MR. ENG FOKE SEIN is a member of the Chinese Chamber of Commerce, and carries on an oil store and confectionery business in Dalhousie Street, under the style of Soon Hain e Co. His father, the late Eng Lone Shan, who was a native of Canton, came to Rangoon in 1872 from Penang, and started as a contractor. Fourteen years later he became managing partner in the rice-milling firm of Lon Shain Lone e Co., but disposed of his interest in the business shortly before his death in 1904. By his wife, Ma Dun Gyi, he had one son, named Eng Foke Sein, and three daughters. Eng Foke Sein was educated at Rangoon College, and afterwards
Rangoon shortly after the annexation of Pegu by the British, and opened a small retail business under the style of Hup Hin, in the Strand Road. About four years later, however, he returned to China, and died at Kwan Kow in the Amoy district. He was succeeded in Rangoon in i860 by his two sons, Tan Lwee, who was born in China in 1842, and Tan Kai. Tan Lwee showed great enterprise. He first started flour milling, then opened a store for the sale of sundries, next established a wine and spirit and oilmanas business, and finally ran two launchesathe Star of China and the New Superintendent, of eighty and one hundred
sought his assistance for the purpose of establishing a bank in Mandalay. In those early days, too, he was almost invariably invited to attend the public reception of distinguished visitors to Rangoon, such as the Prince of Wales, the Viceroy of India, and Chinese' Mandarins. He intends to retire from business shortly in favour of his sons, Tan Kim Seng, a paddy trader in the Moulmein-jun district ; Tan Yeong Seng, a broker and trader in Rangoon ; Tan Htan Seng, a shop-keeper ; and Tan Choo Seng, the manager of the a Chong Hin,a 56, China Street, Rangoon. He has four grandsons, all of whom are minors.
PEH BENG TENG AND FAMILY.
1. The late Yeoh Gaik Eong (the wife of Peh Beng Teng).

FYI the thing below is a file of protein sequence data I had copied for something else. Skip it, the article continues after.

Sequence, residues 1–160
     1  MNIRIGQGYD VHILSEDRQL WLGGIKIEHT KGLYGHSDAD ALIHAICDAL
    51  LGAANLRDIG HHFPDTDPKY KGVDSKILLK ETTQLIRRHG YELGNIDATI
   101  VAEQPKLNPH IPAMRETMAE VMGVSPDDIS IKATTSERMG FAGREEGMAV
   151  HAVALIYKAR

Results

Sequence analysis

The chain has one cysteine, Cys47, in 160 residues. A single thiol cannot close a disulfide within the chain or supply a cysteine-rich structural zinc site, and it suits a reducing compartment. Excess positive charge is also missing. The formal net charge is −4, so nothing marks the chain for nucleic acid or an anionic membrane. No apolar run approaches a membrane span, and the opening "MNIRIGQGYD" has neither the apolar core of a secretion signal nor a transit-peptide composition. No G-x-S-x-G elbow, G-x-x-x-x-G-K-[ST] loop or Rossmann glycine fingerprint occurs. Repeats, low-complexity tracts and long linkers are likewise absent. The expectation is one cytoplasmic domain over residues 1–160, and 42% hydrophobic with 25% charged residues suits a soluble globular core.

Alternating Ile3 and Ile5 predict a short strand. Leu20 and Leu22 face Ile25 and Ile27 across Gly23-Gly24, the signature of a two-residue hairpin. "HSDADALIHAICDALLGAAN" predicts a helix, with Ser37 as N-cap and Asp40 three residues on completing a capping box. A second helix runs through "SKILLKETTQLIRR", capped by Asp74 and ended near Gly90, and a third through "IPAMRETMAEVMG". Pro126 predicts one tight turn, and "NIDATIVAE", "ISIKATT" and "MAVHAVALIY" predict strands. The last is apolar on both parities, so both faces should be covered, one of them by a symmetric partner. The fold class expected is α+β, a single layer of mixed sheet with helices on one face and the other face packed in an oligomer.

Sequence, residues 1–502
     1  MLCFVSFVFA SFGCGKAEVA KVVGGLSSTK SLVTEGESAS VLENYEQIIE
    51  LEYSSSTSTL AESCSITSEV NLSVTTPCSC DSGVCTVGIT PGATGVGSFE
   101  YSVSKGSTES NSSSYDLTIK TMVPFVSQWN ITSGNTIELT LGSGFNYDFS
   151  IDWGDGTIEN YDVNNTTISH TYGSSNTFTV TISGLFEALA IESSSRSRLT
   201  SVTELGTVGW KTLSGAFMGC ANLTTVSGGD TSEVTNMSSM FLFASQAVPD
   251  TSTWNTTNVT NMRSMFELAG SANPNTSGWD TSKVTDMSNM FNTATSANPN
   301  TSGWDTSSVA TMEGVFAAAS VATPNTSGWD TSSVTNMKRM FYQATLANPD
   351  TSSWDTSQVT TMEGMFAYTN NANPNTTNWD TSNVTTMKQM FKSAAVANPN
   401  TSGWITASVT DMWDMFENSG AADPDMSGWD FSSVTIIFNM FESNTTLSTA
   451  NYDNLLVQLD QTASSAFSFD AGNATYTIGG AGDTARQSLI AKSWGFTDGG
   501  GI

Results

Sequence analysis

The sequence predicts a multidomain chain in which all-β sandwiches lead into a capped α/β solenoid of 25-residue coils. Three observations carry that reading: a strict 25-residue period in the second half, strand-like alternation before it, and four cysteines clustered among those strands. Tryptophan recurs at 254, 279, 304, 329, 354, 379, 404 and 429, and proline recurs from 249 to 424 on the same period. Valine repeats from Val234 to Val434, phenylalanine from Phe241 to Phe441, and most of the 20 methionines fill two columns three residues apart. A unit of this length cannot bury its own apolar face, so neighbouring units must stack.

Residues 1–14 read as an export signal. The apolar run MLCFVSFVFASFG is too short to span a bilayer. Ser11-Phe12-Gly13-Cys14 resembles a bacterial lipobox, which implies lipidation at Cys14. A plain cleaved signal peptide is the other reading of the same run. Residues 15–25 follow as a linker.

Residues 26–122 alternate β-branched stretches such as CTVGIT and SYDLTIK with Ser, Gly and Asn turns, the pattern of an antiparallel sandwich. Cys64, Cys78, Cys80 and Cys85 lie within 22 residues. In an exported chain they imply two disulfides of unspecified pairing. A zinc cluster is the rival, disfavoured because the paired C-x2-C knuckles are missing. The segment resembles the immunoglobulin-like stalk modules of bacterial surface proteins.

2. Mrs. Ang Koh Wah (mother).
joined his father as an assistant in the mill. Early in 1909, he opened his present business. He is married to Ma Pwa Kyee.
MR. TAN LWEE is a member of the committees of the Chinese Chamber of Commerce, the Strand Temple, and the Kyan Taik Tong Society, and is the oldest trustee of the Eng Chuan Tong Society. He was for nine years a member of the Municipal Committee. His father, Tan Ho, came to
and twenty tons respectively a between Dedaye, Kyaiklat, Pyapon, and Rangoon, until competition from the newly-established Irrawaddy Flotilla Company necessitated their withdrawal. Later on he built a rice mill at Kamakasit, but was obliged to dispose of this after a few years in consequence of sustaining a serious loss. When he was only twenty-three years of age he was summoned before King Mengdon, who, recognising his standing among the Chinese of Rangoon,
MR. YEO ENG BYAN is a director of several local companies and owns considerable real estate. His father was the late Yeo Htean Sew, a native of Amoy, China, who migrated to Rangoon in the early fifties, and, by ability and hard work, became one of the wealthiest and most influential men in the Chinese community. Of a very retiring disposition, he seldom or never took part in public affairs, but he was appointed a trustee of various societies of the FokieneseMR. YEO ENG BYAN is a director of several local companies and owns considerable real estate. His father was the late Yeo Htean Sew, a native of Amoy, China, who migrated to Rangoon in the early fifties, and, by ability and hard work, became one of the wealthiest and most influential men in the Chinese community. Of a very retiring disposition, he seldom or never took part in public affairs, but he was appointed a trustee of various societies of the Fokienese